The Solidata K5-32 solid-state drive is an affordable option for IOPS-intensive enterprise applications such as virtual machines and high-capacity storage arrays. It has low power consumption and operates silently. At 32GB, however, it won't replace conventional hard drives, and it’s much slower than other SLC-based and even MLC-based solid-state drives.
Follow PC World Australia on Twitter: @PCWorldAu
Join the PC World newsletter!
Most Popular Reviews
- 1 Samsung Galaxy S8 phone: full, in-depth review
- 2 Ryzen 5 vs Intel Core i5 CPU Australian review
- 3 Mass Effect Andromeda review: One for the fans
- 4 LG G6 phone: full, in-depth review
- 5 Samsung Galaxy A5 2017 phone: Full, in-depth review
Latest News Articles
- Samsung's 960 Pro and 960 Evo SSDs marry crazy-fast speeds with roomy capacity
- Start-up sells a stamp-sized Linux server for $5
- Boom: SanDisk just dropped the world's largest SD card
- IBM targets x86 server territory with new Power servers
- As Dell and HPE revamp, Lenovo sets sights on enterprise cloud servers
PCW Evaluation Team
A smarter way to print for busy small business owners, combining speedy printing with scanning and copying, making it easier to produce high quality documents and images at a touch of a button.
I've had a multifunction printer in the office going on 10 years now. It was a neat bit of kit back in the day -- print, copy, scan, fax -- when printing over WiFi felt a bit like magic. It’s seen better days though and an upgrade’s well overdue. This HP OfficeJet Pro 8730 looks like it ticks all the same boxes: print, copy, scan, and fax. (Really? Does anyone fax anything any more? I guess it's good to know the facility’s there, just in case.) Printing over WiFi is more-or- less standard these days.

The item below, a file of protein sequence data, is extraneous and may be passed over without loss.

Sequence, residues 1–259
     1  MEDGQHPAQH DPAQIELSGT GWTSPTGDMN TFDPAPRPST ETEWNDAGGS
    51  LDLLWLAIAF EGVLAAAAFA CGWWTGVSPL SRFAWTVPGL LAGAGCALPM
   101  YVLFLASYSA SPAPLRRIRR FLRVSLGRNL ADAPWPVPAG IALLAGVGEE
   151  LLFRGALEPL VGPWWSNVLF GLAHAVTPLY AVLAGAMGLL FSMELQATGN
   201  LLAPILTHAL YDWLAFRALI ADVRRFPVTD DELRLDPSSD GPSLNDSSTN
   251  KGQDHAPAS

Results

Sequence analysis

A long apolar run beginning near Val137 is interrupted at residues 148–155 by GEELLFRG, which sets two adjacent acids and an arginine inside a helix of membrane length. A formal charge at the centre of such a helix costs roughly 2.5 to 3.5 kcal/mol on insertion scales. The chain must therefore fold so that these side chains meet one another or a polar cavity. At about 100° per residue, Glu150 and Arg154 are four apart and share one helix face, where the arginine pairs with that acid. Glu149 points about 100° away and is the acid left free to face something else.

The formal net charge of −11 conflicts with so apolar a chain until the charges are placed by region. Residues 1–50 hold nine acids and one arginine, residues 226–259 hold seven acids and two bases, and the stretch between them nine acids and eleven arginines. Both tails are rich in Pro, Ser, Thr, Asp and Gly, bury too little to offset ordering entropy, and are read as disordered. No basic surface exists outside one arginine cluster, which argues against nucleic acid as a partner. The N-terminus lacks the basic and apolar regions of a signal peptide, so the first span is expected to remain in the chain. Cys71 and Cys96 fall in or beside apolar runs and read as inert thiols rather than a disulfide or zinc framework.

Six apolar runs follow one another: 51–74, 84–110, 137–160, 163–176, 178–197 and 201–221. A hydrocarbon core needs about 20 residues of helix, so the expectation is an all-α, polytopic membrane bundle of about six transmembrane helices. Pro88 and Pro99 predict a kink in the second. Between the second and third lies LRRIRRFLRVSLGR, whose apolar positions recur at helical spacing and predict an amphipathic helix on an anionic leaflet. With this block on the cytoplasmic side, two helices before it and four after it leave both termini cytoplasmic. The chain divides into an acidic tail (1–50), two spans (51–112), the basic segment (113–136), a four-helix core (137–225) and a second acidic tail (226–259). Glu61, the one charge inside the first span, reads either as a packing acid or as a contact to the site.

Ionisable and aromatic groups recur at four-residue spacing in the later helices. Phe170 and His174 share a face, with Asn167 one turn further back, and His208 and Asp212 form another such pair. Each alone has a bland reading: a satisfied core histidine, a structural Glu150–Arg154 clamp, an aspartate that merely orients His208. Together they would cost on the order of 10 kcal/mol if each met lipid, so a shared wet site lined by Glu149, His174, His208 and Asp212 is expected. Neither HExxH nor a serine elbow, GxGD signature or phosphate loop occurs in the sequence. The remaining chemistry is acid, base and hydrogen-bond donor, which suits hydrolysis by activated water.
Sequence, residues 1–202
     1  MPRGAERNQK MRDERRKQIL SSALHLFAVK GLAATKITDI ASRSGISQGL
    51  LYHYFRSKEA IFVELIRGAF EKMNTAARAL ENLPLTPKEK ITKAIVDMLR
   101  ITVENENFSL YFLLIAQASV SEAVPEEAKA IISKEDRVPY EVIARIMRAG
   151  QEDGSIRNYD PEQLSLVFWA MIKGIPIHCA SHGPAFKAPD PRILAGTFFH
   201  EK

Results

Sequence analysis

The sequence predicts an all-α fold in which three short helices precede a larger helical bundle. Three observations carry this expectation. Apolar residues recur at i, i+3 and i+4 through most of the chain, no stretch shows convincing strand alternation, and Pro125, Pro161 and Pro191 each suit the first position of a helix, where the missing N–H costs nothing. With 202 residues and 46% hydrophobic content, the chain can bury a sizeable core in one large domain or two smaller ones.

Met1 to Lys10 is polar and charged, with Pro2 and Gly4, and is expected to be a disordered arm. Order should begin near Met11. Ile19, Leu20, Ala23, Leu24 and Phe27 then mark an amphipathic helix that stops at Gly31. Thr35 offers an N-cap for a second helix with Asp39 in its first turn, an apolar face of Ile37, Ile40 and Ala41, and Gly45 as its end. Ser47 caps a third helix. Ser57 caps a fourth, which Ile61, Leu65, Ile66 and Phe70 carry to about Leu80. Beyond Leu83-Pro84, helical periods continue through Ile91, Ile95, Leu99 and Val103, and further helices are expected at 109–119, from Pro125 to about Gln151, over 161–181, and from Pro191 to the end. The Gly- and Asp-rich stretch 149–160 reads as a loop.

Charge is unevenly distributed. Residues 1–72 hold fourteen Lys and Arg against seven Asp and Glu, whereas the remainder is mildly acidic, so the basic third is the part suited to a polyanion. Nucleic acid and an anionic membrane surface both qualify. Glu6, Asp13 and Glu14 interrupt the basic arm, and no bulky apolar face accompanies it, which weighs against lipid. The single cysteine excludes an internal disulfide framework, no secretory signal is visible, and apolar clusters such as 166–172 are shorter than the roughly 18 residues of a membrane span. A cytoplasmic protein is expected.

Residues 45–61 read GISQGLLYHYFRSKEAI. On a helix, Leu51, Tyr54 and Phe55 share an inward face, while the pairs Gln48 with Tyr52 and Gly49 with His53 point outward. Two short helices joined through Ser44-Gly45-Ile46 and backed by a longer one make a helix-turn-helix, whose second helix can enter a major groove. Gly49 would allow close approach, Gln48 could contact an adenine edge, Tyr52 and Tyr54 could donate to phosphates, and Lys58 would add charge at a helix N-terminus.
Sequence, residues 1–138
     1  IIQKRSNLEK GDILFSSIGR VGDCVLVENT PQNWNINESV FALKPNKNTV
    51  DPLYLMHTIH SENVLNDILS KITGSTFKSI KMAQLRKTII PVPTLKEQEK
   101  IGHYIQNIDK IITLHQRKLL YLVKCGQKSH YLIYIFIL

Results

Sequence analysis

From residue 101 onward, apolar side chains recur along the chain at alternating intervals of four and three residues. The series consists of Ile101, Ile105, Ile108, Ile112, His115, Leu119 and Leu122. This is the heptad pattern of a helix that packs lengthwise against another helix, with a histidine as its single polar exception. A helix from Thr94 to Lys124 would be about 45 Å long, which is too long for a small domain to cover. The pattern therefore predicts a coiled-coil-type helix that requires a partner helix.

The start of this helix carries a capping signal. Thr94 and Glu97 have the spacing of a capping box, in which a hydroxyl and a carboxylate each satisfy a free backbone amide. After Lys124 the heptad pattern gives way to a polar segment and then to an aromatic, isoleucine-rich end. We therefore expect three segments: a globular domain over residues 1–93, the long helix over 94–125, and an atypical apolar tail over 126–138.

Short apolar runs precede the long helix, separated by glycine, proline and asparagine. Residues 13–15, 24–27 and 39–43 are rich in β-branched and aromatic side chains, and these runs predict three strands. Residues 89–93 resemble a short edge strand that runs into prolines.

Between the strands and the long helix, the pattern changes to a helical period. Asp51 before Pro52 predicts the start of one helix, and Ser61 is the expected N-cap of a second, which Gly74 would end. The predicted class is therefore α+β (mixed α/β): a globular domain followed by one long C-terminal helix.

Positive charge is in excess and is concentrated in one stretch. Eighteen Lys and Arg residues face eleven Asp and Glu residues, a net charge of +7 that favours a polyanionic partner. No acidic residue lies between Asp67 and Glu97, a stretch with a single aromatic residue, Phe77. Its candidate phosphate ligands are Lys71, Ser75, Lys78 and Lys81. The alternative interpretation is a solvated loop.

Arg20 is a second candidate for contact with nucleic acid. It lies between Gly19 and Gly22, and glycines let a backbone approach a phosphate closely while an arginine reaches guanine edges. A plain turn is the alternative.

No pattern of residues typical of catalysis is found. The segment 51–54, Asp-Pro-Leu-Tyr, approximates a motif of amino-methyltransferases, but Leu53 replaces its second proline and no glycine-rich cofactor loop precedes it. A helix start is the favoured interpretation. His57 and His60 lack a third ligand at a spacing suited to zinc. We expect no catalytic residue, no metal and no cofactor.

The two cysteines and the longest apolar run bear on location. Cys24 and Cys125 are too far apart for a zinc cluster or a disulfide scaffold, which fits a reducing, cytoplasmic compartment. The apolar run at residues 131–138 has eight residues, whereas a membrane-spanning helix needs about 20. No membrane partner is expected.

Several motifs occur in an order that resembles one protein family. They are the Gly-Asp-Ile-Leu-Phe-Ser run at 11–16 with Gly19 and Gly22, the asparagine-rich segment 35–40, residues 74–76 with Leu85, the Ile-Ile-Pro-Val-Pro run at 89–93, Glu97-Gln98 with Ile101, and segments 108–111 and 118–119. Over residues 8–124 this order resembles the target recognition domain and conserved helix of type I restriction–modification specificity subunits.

As a freelance writer who is always on the go, I like my technology to be both efficient and effective so I can do my job well. The HP OfficeJet Pro 8730 Inkjet Printer ticks all the boxes in terms of form factor, performance and user interface.
I’d happily recommend this touchscreen laptop and Windows 10 as a great way to get serious work done at a desk or on the road.
Ultimately, I think the Windows 10 environment is excellent for me as it caters for so many different uses. The inclusion of the Xbox app is also great for when you need some downtime too!
For me, the Xbox Play Anywhere is a great new feature as it allows you to play your current Xbox games with higher resolutions and better graphics without forking out extra cash for another copy. Although available titles are still scarce, but I’m sure it will grow in time.
- Samsung Galaxy S8 phone: full, in-depth review
- Ryzen 5 vs Intel Core i5 CPU Australian review
- Mass Effect Andromeda review: One for the fans
- What's the difference between an Intel Core i3, i5 and i7?
- Laser vs. inkjet printers: which is better?
- TPSenior Project Manager | DETQLD
- CCPersonal AssistantNSW
- FTIT Security RolesACT
- CCDocument ControllerNSW
- FTInfrastructure Project Manager Office 365 ImplementationVIC
- FTSenior Data Warehouse ConsultantNSW
- FTProject Engineer - Data & IP NetworksNSW
- FTProject Manager - Knowledge Management implementationVIC
- FTSenior Solutions Architect - Network & Unified ComunicationsACT
- PTProject ManagerNSW
- FTPERMANENT Business AnalystsWA
- FTSenior Infrastructure Business AnalystVIC
- TPBusiness Intelligence DeveloperSA
- FTSenior Software Engineer - JavaACT
- CCSCCM ConsultantACT
- TPSoftware Licensing SpecialistNSW
- FTTechnical LeadVIC
- FTBusiness Analyst - BI, Analytics & Big DataNSW
- TPProject ServicesACT
- TPAV Design SpecialistNSW
- FTTechnical WriterACT
- FTSenior Business Analyst, Wealth InvestmentNSW
- FTLevel 2 HelpdeskVIC
- CCSAP Business Finance LeadQLD
- CCSenior Business AnalystSA